Steve Jobs: A Biopic of Power

The Oscars are coming up next Sunday, so I’ve decided to go back and watch some films from last years Oscars that I’d missed. This film was nominated for both Michael Fassbender’s and Kate Winslet’s performances. It seems this film sort of slipped through the cracks, due to bad box office returns and audience’s disinterest with the subject matter. I found it to be one of the more interesting biopics in recent memory.

The screenplay was pinned by Aaron Sorkin, and if you’ve ever seen an Aaron Sorkin film, then you know about his writing style and his expertise with dialogue. Sorkin is arguably one of the greatest screenwriters working today and this film builds onto this fact. A great mark of the writing is the way it handles exposition. There is a lot of important information expressed through just character’s stating things, but Sorkin does this by using historical events, pop culture references, and characterization to give this information to the audience, without beating us over the heads with it.

What impressed me about the most about the film was its structure. Instead of giving us an annoying crash course through the man’s entire life, we see three separate instances where Jobs prepares for a press conference on a new technological device. The sequences build off the conflicts of the previous, and show us many recurring characters as they adapt and change over the years.

Visually, this is shown through how the look of the film. The first sequence in 1984 was shot using 16mm film stock, the second using 35mm film stock, and the final sequence was shot digitally. This was a great way to visually parallel the changing times. I also liked the transitions between the acts. Through news clippings and footage, we are shown what happens in between the events efficiently and without too much head beating. There were also a few flashbacks in the film that enforce heavy points and delve deeper into these characters and their relationships.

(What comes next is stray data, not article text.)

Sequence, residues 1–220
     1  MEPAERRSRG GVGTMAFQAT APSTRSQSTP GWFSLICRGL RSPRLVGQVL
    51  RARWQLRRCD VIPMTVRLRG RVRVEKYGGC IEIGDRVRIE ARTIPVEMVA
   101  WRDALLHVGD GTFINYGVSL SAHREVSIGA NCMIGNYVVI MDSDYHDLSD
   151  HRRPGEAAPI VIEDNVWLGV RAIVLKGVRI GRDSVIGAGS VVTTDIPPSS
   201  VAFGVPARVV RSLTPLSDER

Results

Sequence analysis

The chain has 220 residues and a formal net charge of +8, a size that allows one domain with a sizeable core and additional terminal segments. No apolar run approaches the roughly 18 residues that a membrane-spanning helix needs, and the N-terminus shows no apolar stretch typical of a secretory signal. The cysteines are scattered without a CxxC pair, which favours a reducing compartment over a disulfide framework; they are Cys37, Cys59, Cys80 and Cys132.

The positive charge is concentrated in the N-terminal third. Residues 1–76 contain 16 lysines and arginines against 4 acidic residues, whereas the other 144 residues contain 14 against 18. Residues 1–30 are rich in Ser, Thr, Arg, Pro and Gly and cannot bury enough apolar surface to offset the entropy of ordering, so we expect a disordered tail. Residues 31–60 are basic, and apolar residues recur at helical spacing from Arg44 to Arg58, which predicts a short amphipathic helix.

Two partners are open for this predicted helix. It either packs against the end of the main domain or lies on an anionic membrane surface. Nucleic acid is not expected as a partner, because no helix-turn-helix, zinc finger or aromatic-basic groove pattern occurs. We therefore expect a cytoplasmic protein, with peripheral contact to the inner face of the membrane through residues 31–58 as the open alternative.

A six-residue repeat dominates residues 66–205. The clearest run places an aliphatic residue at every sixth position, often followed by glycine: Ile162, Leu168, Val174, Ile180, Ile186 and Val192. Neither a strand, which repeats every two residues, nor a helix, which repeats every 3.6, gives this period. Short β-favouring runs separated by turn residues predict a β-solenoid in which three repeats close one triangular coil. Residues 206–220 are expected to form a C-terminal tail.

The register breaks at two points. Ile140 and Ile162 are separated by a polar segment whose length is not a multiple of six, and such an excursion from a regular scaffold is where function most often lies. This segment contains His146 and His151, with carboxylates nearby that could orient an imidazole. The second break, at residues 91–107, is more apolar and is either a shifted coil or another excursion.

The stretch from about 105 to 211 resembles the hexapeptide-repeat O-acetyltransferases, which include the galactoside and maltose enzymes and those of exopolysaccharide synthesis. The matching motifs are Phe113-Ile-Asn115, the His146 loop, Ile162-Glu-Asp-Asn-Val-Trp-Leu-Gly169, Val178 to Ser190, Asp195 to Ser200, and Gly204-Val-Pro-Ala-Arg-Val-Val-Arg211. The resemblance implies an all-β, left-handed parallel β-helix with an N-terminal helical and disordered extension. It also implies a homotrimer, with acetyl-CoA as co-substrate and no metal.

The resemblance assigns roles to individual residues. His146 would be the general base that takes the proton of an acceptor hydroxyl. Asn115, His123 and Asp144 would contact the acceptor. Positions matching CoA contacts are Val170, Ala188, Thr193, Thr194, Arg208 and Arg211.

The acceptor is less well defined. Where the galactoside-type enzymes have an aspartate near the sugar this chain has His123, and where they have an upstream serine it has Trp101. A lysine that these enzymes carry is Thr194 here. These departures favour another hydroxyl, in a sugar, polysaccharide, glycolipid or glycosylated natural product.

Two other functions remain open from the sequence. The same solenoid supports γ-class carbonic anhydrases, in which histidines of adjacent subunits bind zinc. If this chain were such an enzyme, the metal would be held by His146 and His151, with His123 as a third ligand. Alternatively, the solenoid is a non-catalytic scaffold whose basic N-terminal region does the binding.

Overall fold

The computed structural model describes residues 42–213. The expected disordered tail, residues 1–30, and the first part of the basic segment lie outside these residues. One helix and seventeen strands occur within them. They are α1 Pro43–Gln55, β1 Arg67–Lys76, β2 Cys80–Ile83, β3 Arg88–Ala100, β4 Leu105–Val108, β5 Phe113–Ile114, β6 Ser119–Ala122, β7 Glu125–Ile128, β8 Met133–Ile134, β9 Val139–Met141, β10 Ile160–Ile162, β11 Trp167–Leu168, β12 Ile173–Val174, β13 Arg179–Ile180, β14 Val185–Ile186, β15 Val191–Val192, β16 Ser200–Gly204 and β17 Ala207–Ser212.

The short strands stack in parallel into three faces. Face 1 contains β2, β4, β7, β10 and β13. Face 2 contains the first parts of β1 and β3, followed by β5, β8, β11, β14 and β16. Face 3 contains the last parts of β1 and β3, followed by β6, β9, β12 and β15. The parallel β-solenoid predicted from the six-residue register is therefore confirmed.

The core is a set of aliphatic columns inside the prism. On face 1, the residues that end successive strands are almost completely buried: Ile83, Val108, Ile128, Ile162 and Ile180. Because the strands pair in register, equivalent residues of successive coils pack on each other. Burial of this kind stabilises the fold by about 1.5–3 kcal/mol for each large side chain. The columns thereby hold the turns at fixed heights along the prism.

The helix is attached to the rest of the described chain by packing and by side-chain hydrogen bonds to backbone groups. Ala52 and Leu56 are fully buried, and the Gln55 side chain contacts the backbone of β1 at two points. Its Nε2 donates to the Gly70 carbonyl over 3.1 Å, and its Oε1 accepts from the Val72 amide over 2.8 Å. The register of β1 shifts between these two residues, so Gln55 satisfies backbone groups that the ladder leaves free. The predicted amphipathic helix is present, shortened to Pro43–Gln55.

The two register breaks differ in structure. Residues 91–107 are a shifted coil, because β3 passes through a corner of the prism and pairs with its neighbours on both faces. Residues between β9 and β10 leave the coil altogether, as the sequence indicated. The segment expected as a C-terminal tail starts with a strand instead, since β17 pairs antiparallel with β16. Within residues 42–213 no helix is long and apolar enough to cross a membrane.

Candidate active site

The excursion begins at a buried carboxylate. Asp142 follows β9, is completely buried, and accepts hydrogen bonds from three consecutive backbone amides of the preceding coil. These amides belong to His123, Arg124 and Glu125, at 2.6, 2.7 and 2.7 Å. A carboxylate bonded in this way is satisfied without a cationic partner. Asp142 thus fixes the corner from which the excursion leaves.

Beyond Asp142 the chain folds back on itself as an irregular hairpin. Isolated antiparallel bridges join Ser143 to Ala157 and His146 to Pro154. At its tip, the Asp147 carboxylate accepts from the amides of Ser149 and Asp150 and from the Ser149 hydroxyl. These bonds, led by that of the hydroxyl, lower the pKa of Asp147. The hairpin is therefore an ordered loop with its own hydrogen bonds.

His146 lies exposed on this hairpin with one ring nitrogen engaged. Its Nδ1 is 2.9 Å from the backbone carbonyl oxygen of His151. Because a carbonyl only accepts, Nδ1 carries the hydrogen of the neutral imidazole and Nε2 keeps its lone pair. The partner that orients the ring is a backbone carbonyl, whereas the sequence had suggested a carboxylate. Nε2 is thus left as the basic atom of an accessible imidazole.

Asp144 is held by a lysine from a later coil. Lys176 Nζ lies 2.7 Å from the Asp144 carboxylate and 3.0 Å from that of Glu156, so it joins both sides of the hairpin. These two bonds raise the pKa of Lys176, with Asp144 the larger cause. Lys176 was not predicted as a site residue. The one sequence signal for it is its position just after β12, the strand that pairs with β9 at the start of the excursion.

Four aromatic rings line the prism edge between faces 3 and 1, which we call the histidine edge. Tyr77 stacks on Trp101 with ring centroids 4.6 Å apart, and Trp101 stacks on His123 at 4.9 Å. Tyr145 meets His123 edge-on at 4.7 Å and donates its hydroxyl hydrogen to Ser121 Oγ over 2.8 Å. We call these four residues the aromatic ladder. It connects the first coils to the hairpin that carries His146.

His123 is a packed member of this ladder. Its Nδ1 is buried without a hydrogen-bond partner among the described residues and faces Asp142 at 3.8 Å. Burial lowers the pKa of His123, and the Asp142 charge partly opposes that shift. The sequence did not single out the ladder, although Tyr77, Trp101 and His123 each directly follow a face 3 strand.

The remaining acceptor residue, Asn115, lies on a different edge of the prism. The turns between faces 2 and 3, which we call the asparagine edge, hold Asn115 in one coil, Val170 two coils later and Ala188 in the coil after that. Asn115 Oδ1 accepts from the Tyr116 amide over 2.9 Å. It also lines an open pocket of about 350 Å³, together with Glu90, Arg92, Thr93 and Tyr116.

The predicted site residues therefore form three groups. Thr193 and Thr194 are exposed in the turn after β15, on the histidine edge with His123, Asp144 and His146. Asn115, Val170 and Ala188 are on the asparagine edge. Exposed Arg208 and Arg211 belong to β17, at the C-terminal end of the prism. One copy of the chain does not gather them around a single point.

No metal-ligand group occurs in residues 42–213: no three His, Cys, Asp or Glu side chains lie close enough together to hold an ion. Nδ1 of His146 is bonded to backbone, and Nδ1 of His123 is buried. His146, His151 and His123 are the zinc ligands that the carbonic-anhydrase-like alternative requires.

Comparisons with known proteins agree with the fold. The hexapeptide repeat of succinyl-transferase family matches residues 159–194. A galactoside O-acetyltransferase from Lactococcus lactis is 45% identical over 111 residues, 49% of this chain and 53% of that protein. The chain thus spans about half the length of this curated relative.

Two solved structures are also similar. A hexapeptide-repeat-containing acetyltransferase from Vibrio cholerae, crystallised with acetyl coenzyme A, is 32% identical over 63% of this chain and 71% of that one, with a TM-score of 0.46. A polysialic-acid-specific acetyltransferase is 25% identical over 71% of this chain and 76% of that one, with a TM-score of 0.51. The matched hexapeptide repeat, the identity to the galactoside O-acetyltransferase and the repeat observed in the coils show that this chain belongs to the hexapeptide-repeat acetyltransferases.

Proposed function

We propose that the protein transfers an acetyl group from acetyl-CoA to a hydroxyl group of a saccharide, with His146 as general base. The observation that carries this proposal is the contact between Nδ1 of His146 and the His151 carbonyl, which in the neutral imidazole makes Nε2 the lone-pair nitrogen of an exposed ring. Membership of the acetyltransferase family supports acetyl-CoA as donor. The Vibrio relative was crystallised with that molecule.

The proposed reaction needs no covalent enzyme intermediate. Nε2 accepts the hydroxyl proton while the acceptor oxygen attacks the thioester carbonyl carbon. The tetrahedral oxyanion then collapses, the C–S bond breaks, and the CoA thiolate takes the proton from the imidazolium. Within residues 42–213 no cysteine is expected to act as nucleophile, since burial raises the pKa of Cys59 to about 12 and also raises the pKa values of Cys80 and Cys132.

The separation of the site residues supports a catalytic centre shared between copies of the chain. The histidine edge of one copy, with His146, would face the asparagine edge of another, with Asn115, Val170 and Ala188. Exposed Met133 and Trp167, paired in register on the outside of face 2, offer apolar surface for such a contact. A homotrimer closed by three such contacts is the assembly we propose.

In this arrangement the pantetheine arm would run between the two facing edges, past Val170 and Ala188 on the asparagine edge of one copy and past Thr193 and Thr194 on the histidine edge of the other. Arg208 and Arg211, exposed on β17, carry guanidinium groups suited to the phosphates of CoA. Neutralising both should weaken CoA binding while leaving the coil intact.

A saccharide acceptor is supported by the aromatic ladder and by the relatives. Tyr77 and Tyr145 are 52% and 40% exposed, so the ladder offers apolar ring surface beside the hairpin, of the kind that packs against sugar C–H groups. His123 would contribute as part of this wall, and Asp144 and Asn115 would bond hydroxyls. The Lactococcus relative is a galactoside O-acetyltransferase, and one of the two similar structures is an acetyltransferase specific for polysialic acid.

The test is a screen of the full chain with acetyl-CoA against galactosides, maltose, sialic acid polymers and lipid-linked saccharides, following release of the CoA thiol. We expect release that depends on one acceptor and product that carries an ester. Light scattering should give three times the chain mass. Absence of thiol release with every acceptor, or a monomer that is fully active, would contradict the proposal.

However, the true mark of a great writer, is when actors are able to perform the writing well, and under the excellent direction of Danny Boyle this cast achieves just that. Michael Fassbender’s performance as Jobs was outstanding. Obviously, some liberties were taken with the character and the events of the film (like most films that say they are “based on a true story), but Fassbender brings this visionary man to the screen with ease.

The whole supporting cast is great as well including Kate Winslet, Jeff Daniels, and Michael Stuhlbarg. I must give special praise to Seth Rogen who plays Steve Wozniak, Jobs good friend and a character who is very much against type. All of the cast disappear in their roles and bring these real life characters to the screen.

I must also mention the camera movement. I loved how the camera followed these characters as they walked around with many tracking, dolly and steadicam shots. It made me feel like I was there with them. Like this was real life unfolding before my eyes. The way it is written as well, it felt like a filmed version of a stage play. The performances certainly enforce this idea.

Overall, this is a well-made film about real people, even though it does alter the true events to make them more entertaining. I was not a fan of how the film focused mostly on the relationship with Jobs’ daughter but I understand why they did it. I felt that the technique of the film overcomes the story faults, and made it an enjoyable experience to watch.

Written by William David Glenn IV





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